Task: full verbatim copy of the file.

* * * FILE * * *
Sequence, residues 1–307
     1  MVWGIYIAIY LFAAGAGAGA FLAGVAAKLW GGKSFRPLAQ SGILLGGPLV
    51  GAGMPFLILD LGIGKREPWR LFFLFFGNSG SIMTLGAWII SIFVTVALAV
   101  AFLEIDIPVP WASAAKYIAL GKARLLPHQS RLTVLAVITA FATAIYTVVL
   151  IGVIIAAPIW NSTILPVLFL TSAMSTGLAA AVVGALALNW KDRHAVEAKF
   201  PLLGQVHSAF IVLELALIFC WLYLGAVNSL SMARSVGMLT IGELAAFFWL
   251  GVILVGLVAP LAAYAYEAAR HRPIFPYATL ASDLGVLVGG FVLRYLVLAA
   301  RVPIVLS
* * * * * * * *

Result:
Sequence, residues 1–307
     1  MVWGIYIAIY LFAAGAGAGA FLAGVAAKLW GGKSFRPLAQ SGILLGGPLV
    51  GAGMPFLILD LGIGKREPWR LFFLFFGNSG SIMTLGAWII SIFVTVALAV
   101  AFLEIDIPVP WASAAKYIAL GKARLLPHQS RLTVLAVITA FATAIYTVVL
   151  IGVIIAAPIW NSTILPVLFL TSAMSTGLAA AVVGALALNW KDRHAVEAKF
   201  PLLGQVHSAF IVLELALIFC WLYLGAVNSL SMARSVGMLT IGELAAFFWL
   251  GVILVGLVAP LAAYAYEAAR HRPIFPYATL ASDLGVLVGG FVLRYLVLAA
   301  RVPIVLS